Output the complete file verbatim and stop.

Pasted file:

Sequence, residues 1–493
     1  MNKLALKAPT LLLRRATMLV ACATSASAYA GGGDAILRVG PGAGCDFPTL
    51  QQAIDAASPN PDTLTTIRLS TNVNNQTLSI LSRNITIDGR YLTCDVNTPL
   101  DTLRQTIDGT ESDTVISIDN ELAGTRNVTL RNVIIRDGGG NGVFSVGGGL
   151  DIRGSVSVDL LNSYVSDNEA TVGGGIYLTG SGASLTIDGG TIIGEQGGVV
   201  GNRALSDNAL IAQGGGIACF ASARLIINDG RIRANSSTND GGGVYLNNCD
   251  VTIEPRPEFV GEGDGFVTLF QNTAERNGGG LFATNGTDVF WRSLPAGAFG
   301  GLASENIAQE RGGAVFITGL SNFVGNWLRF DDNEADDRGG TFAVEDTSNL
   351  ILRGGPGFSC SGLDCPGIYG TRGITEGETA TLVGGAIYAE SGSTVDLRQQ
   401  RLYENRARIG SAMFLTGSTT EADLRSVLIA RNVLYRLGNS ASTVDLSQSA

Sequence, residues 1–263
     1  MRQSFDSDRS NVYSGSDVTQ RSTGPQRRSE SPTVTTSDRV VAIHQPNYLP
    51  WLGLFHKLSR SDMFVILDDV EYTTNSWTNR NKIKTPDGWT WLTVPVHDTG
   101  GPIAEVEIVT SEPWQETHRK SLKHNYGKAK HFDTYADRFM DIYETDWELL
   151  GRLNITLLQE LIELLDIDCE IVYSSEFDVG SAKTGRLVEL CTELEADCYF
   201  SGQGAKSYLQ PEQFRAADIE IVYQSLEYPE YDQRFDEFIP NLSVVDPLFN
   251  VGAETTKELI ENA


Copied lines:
Sequence, residues 1–493
     1  MNKLALKAPT LLLRRATMLV ACATSASAYA GGGDAILRVG PGAGCDFPTL
    51  QQAIDAASPN PDTLTTIRLS TNVNNQTLSI LSRNITIDGR YLTCDVNTPL
   101  DTLRQTIDGT ESDTVISIDN ELAGTRNVTL RNVIIRDGGG NGVFSVGGGL
   151  DIRGSVSVDL LNSYVSDNEA TVGGGIYLTG SGASLTIDGG TIIGEQGGVV
   201  GNRALSDNAL IAQGGGIACF ASARLIINDG RIRANSSTND GGGVYLNNCD
   251  VTIEPRPEFV GEGDGFVTLF QNTAERNGGG LFATNGTDVF WRSLPAGAFG
   301  GLASENIAQE RGGAVFITGL SNFVGNWLRF DDNEADDRGG TFAVEDTSNL
   351  ILRGGPGFSC SGLDCPGIYG TRGITEGETA TLVGGAIYAE SGSTVDLRQQ
   401  RLYENRARIG SAMFLTGSTT EADLRSVLIA RNVLYRLGNS ASTVDLSQSA

Sequence, residues 1–263
     1  MRQSFDSDRS NVYSGSDVTQ RSTGPQRRSE SPTVTTSDRV VAIHQPNYLP
    51  WLGLFHKLSR SDMFVILDDV EYTTNSWTNR NKIKTPDGWT WLTVPVHDTG
   101  GPIAEVEIVT SEPWQETHRK SLKHNYGKAK HFDTYADRFM DIYETDWELL
   151  GRLNITLLQE LIELLDIDCE IVYSSEFDVG SAKTGRLVEL CTELEADCYF
   201  SGQGAKSYLQ PEQFRAADIE IVYQSLEYPE YDQRFDEFIP NLSVVDPLFN
   251  VGAETTKELI ENA